Four Peel Gin ($76)—Distilled from corn, four citrus peels are used in the making—grapefruit, orange, lemon and lime, so it is citrus forward and excellent for a gin and tonic. It’s made by the Watershed Distillery in Columbus, Ohio.  At 44% it has a light body and is representative of the move away from heavier juniper-driven gins. They also make a strawberry-infused pink gin ($40). Founders Greg Lehman and Dave Rigo had been professional volleyball players in Switzerland, and began making gin in 2009 in a state known for its micro-distilling.

Purity Gin ($40)—The distillery, family owned and operated within a 13th century Swedish castle, calls this “Nordic Navy Strength Organic Gin” at a whopping 51.7% alcohol. It begins with vodka distilled 34 times from Swedish wheat and malted barley for smoothness, and afterwards the botanicals are added, including Juniper, coriander, lavender, cardamom, angelica root, basil, thyme, Nordic lingonberry and European blueberry.  





Forget Naples. The world’s best pizza is made at Napoli on the Road in Chiswick" By Giulia Crouch, London Times (10/23)


 Any of John Mariani's books below may be ordered from

   The Hound in Heaven (21st Century Lion Books) is a  novella, and for anyone who loves dogs, Christmas, romance, inspiration, even the supernatural, I hope you'll find this to be a treasured  favorite. The  story concerns how, after a New England teacher, his wife and their two daughters adopt a stray puppy found in their barn in northern Maine, their lives seem full of promise. But when tragedy strikes, their wonderful dog Lazarus and the spirit of Christmas are the only things that may bring his master back from the edge of despair.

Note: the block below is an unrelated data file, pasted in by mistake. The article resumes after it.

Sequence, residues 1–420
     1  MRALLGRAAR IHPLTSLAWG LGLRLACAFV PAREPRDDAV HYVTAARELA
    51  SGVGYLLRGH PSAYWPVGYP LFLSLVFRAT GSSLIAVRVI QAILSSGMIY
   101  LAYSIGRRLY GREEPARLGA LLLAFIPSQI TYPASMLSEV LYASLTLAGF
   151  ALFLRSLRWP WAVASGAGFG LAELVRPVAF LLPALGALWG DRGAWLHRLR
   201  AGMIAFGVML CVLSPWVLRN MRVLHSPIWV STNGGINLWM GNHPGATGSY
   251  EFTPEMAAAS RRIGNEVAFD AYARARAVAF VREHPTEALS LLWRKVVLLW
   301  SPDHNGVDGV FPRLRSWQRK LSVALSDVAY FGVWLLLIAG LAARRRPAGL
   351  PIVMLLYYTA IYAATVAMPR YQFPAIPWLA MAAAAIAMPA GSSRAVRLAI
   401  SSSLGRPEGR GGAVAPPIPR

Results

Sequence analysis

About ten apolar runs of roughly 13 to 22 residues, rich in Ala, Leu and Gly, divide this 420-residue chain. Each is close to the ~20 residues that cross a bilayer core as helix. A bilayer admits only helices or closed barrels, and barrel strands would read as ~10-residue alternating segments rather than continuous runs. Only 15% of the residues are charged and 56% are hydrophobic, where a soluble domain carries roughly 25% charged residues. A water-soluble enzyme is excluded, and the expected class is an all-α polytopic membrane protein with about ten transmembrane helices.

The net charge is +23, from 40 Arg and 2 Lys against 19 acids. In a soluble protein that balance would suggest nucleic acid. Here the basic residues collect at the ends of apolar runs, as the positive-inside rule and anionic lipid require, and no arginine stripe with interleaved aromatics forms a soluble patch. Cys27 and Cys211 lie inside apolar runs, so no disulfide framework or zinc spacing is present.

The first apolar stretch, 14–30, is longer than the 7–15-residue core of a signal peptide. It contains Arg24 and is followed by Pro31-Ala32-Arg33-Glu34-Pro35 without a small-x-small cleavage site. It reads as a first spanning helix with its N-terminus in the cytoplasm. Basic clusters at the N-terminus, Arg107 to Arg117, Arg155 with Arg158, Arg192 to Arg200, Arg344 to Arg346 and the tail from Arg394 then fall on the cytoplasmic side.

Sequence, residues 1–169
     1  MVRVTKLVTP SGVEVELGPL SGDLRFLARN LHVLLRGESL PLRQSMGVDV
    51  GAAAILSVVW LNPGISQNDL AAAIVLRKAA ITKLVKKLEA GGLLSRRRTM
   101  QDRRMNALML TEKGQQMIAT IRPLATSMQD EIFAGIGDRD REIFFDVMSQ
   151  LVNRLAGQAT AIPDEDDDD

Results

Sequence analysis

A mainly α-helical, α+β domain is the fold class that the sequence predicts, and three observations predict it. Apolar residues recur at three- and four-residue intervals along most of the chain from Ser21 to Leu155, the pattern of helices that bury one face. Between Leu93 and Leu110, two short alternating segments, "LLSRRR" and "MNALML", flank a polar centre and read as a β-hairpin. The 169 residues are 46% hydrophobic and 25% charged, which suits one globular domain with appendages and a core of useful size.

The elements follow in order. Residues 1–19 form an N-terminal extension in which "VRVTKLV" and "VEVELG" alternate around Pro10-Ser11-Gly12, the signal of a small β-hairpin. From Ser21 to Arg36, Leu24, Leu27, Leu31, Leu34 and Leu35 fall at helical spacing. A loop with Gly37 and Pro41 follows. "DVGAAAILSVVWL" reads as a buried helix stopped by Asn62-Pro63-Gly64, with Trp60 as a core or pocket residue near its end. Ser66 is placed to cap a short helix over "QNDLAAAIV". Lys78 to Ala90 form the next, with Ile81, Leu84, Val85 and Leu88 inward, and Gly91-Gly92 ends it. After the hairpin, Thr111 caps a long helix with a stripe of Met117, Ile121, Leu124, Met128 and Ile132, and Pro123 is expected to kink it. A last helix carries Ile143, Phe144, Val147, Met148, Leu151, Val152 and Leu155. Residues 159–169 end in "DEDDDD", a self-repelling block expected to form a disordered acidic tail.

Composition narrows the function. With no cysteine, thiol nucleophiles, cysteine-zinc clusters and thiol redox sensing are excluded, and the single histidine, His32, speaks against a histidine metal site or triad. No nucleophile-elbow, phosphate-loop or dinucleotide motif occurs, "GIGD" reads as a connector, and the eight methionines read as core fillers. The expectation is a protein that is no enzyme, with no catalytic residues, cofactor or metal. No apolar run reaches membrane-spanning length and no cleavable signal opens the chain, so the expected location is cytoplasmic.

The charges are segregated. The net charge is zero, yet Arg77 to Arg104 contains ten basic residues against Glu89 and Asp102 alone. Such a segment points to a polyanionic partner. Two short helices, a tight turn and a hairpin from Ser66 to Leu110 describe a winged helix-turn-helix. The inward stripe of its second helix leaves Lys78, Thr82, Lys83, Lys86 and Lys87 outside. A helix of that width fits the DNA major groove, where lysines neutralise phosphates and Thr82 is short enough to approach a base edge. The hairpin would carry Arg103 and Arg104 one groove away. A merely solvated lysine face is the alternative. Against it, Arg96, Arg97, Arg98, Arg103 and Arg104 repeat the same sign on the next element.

“What a huge surprise turn this story took! I was completely stunned! I truly enjoyed this book and its message.” – Actress Ali MacGraw

“He had me at Page One. The amount of heart, human insight, soul searching, and deft literary strength that John Mariani pours into this airtight novella is vertigo-inducing. Perhaps ‘wow’ would be the best comment.” – James Dalessandro, author of Bohemian Heart and 1906.

“John Mariani’s Hound in Heaven starts with a well-painted portrayal of an American family, along with the requisite dog. A surprise event flips the action of the novel and captures us for a voyage leading to a hopeful and heart-warming message. A page turning, one sitting read, it’s the perfect antidote for the winter and promotion of holiday celebration.” – Ann Pearlman, author of The Christmas Cookie Club and A Gift for my Sister.